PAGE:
Slippery slope of new Syria policy

Trump wrongly turns his back on Kurds, more than just lives lost



Digital cartoon by Katie Kerrigan. Nov. 5, 2019

Abigail Hicks, Staff Writer

Adding another blunder to his political career, President Donald Trump recently made a grave mistake in his decision to relocate U.S. troops in Syria.

In early October, President Trump decided to pull troops from the Turkey-Syria border upon hearing from Turkish President Recep Tayyip Erdogan during a phone call that Turkey planned to carry out an invasion of Kurdish Syria.

While his intentions of protecting American troops do not go unappreciated seeing that their well-being was a pivotal part of his 2016 campaign, a slew of problems has come along with it.

Naturally, the biggest concern was the future of the Kurds, a United States ally.

Tensions between Kurdish people in Syria and Turkey started long ago with the beginning of Kurdish separatists in Turkey, according to These separatists in Turkey are considered terrorists by the government and are believed to be linked to Kurds in northern Syria.

While a 120-hour cease-fire had been negotiated with Turkey, the death count and humanitarian effect should not go unnoticed. After the invasion, 100,000 people had been displaced and 60 civilians died, according to and the

The extraction of 1,000 soldiers from Northern Syria essentially made it easier for Turkish forces to attack Kurdish troops and civilians. Abandoning the main Middle Eastern ally the U.S. has in the fight against ISIS did not do any favors for the future of the main characters playing in the Middle East either.

Hours after the ceasefire negotiations finished, violations from Turkey occurred. With the United States unable to effectively maintain a ceasefire, Vladimir Putin came in from behind with a plan and successfully negotiated to allow the Syrian military to enter into Kurdish areas in order to slow down Turkish advances.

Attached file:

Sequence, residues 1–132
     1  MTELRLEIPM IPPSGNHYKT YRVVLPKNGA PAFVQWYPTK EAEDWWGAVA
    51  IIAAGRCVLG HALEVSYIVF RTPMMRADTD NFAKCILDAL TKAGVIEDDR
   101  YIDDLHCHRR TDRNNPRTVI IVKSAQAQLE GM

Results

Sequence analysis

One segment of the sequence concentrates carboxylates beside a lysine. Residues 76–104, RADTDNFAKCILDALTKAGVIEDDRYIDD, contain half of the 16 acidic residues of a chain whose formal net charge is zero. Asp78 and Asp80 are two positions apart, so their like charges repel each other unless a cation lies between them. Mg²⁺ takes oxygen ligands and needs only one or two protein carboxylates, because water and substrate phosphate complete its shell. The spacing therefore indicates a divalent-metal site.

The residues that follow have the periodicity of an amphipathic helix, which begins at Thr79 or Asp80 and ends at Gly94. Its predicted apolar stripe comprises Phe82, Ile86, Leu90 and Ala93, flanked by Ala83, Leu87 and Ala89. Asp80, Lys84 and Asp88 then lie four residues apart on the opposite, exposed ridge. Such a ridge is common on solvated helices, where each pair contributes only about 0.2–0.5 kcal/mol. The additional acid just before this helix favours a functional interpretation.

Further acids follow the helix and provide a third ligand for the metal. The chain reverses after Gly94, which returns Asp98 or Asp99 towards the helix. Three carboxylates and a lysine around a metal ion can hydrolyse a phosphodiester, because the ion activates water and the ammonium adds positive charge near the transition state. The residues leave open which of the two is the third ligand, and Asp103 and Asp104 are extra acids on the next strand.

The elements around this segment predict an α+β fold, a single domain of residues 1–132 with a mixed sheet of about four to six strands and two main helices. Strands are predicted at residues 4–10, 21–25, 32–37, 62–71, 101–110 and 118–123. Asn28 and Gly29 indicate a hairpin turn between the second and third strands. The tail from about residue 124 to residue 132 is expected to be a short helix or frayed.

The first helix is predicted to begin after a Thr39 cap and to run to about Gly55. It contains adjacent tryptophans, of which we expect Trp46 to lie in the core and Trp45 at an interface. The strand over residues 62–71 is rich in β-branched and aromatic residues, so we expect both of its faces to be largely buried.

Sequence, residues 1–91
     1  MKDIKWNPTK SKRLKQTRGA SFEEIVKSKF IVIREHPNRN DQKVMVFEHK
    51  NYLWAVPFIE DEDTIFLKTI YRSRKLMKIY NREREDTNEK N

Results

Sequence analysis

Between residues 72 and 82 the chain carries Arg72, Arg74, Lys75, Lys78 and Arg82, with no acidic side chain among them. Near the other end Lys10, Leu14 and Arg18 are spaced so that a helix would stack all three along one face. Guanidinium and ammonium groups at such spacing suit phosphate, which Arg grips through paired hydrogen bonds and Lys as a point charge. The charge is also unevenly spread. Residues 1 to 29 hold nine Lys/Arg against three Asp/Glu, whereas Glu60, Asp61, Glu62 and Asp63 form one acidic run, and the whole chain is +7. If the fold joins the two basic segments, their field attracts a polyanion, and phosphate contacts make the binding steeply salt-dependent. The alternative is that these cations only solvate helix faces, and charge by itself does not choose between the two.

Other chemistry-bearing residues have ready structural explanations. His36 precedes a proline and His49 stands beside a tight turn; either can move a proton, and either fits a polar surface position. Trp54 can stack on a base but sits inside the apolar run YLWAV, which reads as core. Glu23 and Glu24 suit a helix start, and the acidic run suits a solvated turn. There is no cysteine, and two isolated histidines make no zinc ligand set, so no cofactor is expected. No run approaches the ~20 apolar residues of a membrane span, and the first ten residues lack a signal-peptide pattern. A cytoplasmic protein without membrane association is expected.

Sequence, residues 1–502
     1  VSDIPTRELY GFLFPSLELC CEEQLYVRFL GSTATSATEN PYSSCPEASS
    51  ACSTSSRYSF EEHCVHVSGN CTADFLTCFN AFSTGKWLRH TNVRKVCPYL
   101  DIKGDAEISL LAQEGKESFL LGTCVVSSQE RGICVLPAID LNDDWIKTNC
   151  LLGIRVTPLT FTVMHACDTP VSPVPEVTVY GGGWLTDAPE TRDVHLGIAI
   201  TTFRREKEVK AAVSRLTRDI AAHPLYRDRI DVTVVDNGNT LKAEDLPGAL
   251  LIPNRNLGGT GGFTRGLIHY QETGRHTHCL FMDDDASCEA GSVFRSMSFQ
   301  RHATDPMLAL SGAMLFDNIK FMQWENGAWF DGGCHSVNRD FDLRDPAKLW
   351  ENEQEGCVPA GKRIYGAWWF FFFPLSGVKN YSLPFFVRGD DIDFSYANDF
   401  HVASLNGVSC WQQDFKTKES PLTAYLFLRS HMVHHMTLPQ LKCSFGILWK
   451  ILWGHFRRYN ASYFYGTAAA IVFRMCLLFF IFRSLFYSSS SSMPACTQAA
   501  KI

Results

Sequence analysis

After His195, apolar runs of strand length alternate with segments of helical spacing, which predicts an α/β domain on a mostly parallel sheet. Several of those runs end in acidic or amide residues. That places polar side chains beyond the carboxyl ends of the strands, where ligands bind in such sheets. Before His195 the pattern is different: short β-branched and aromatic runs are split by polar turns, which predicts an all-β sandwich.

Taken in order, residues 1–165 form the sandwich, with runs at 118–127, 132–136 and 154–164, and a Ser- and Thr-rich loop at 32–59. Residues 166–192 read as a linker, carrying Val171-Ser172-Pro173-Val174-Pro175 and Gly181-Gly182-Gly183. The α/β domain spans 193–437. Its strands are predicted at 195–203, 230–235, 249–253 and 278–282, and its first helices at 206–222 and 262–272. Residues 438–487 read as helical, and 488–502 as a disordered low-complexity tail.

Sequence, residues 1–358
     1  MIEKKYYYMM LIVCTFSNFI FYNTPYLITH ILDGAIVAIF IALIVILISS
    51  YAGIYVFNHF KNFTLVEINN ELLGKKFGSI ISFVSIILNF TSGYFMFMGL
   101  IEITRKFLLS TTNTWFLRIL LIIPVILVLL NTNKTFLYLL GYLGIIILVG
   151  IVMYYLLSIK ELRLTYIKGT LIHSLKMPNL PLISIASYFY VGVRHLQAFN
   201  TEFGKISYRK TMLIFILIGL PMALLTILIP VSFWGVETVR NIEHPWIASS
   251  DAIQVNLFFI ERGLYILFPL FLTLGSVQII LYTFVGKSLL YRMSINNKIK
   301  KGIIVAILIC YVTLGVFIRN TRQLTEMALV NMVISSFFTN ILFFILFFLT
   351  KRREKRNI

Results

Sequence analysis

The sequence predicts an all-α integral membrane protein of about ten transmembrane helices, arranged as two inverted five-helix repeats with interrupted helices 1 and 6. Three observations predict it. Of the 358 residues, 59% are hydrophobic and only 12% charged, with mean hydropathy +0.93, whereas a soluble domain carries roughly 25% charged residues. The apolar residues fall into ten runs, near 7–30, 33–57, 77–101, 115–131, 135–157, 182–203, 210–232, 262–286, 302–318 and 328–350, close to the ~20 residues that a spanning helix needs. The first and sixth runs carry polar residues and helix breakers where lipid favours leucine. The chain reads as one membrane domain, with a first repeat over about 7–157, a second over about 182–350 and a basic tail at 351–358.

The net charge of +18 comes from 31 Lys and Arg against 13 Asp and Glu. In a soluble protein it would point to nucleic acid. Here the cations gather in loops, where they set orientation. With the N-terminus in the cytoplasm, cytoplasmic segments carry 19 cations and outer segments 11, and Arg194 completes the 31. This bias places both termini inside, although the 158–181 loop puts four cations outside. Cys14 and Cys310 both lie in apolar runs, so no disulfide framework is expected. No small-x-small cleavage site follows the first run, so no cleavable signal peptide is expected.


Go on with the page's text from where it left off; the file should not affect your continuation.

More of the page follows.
While the White House did make an attempt to stop Turkey from advancing even more than it had, it paled in comparison to the deal Russia formed. Russia emerged as a saving grace with its decision to step-in, leaving the United States as an after-thought.
Pulling out of Syria in the thick of conflict also painted the White House as wildly unreliable in the fight against ISIS, where Kurdish forces have helped capture and imprison Islamic State members for years.

Amidst the Turkish airstrikes, hundreds of suspected ISIS members have escaped, according to After years spent with the Kurds detaining members and lessening their power, some of the progress made through joint efforts was lost. This loss proves detrimental to the efforts being made to restrain terrorism and allows the Middle East to grow even more unstable.

President Trump should try his best to patch up relations with the Kurdish people who he so quickly abandoned. However long it will take, the effort required to regain their trust is the least they deserve.